Boston College football’s 22-13 loss to Northwestern this past Saturday was not available for viewing on any of the television stations a BC student can (legally) watch in the dorm rooms. There was a low-quality audio feed for anyone who didn’t mind reading, over and over and over, a list of movies airing on the other university channels later that night (Gladiator was on at 8), but I tried listening and found it uncomfortable for reasons that made me even more uncomfortable:
- I am a senior at Boston College. I have season tickets for the Boston College football team. I live on campus. WHY DOESN’T BC CABLE TELEVISE THE AWAY GAMES?
- I understand that the game was on the Big 10 Network, which isn’t a part of BC Cable. This omission didn’t upset me as much as feeling like not that many people on campus would even care. And who can blame them? Who wants to watch the alma mater get steamrolled by a mediocre program?
- This apathy stands in stark contrast to another imploding team near and dear to my heart: the Boston Red Sox. Why isn’t BC’s head coach Frank Spaziani getting the Bobby Valentine treatment?
BC will never be Red Sox Nation in terms of numbers of fans, attention from the Boston media, or Jimmy Fallon running onto the field and almost ruining its happiest moment ever. #FireSpaz is a moderately popular topic on Twitter among alumni, but the vitriol doesn’t seem proportionately appropriate when compared with that lobbed by Sox fans at their team’s manager, Bobby Valentine.
The two men share far more similarities with each other than any of the other Boston “Big 5” coaches (the Big 5 being the NFL, MLB, NBA, NHL, and NCAA football). I’m sure non-BC fans are laughing at the inclusion of the Eagles with the pro teams. On the other hand, Los Angeles doesn’t have an NFL franchise because of USC football. “Ever to Excel,” right? The most depressing thing about this comparison for BC fans, however, is that when you stack Spaziani and Bobby V up against each other, it’s Spaz who comes out looking worse.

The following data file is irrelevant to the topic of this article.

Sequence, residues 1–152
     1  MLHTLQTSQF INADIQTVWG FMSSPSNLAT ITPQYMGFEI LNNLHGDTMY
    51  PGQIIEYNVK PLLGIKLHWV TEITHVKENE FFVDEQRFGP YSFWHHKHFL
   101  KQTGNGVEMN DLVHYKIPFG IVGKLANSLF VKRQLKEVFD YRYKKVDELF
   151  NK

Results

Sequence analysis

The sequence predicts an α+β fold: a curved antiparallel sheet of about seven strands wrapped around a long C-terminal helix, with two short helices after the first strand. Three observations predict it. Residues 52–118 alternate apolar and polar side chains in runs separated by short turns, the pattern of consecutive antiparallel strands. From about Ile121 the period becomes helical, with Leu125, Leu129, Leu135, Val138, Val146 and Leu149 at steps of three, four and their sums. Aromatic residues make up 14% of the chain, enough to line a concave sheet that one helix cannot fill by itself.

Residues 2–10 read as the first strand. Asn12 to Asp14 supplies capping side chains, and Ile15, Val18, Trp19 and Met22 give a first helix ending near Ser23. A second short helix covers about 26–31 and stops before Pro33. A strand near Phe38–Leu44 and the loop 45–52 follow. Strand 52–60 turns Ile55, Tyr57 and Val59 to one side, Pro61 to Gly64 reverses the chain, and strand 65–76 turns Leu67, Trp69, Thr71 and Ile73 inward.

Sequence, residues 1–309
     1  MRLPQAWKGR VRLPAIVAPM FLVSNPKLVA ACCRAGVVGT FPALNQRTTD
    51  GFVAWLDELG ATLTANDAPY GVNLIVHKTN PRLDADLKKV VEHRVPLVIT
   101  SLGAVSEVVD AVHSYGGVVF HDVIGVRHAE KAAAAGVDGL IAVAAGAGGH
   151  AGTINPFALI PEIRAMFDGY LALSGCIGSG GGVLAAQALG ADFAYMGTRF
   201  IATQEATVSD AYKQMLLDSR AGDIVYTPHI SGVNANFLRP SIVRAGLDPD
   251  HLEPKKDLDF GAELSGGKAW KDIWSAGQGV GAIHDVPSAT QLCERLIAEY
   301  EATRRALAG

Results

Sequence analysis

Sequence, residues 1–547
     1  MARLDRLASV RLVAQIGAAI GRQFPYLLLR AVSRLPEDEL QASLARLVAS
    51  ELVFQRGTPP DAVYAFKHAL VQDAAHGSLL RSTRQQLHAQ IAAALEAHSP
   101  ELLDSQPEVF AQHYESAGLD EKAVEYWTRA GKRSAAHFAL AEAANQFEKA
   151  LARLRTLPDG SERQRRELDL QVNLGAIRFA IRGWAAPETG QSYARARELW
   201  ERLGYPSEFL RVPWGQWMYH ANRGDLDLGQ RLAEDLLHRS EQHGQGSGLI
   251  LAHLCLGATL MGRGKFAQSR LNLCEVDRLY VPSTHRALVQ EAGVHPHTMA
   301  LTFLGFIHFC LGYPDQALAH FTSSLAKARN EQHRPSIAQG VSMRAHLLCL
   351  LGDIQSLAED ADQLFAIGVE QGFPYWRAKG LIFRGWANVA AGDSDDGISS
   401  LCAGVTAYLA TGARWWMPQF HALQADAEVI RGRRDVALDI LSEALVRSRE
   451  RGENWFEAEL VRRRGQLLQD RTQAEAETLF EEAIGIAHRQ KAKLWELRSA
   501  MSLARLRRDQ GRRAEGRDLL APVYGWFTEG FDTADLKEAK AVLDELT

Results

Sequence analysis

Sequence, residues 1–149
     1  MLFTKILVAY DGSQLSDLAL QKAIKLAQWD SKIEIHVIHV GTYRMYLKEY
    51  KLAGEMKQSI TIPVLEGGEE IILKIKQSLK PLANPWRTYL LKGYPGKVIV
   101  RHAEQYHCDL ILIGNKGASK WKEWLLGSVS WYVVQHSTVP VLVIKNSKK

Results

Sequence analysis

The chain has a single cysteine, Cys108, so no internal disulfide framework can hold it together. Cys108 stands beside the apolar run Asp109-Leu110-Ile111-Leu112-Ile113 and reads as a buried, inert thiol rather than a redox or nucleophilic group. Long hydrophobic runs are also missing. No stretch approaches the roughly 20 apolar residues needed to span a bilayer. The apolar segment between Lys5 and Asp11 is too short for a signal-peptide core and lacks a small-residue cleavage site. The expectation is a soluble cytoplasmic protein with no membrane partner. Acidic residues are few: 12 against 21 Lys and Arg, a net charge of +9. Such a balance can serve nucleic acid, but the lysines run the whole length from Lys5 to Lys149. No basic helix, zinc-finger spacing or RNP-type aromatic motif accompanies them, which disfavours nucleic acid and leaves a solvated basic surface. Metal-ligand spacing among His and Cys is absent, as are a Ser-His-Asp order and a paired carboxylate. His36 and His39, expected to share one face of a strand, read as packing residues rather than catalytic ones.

Valentine’s Red Sox will miss the playoffs, but the Sox haven’t won a playoff game since Spaziani became BC’s coach. Coincidentally (well, not really), BC football has also failed to win a postseason game during the same timeframe. Only one of these men has been in his current position for this entire period.
Blame for the decline of Boston College football has been directed at people in the athletic department besides Frank Spaziani, but the one subjected to the most criticism will be gone from BC by October 1. If the first decision of the new BC AD will really be this easy, what is the purpose of delaying the inevitable? Every game BC loses under a coach nobody expects to be here next year only makes recruiting top talent and filling Alumni Stadium more difficult, and thereby pointlessly extends the rebuilding process.
When I applied to BC, the football program was among the very best in the NCAA. When I graduate in May, it will have descended into a laughingstock. One look backward should be enough to convince any SuperFan that right now is the time to move forward. If Bobby Valentine, manager of a team closing out a lost season, sits on a seat so hot that it’s almost on fire, BC football has every reason to turn the page before it loses any chance at salvaging anything from the 2012 season.
Boston College needs to send a message to its fans, donors, and past, present and future athletes. Rebuilding will begin when BC once again treats losing as an unacceptable status quo. The search for a permanent head coach can start the day the new AD takes control. But before then, BC needs to fire Frank Spaziani and appoint an interim head coach. Actually, that’s an understatement.
BC needs to fire Frank Spaziani and appoint an interim head coach immediately.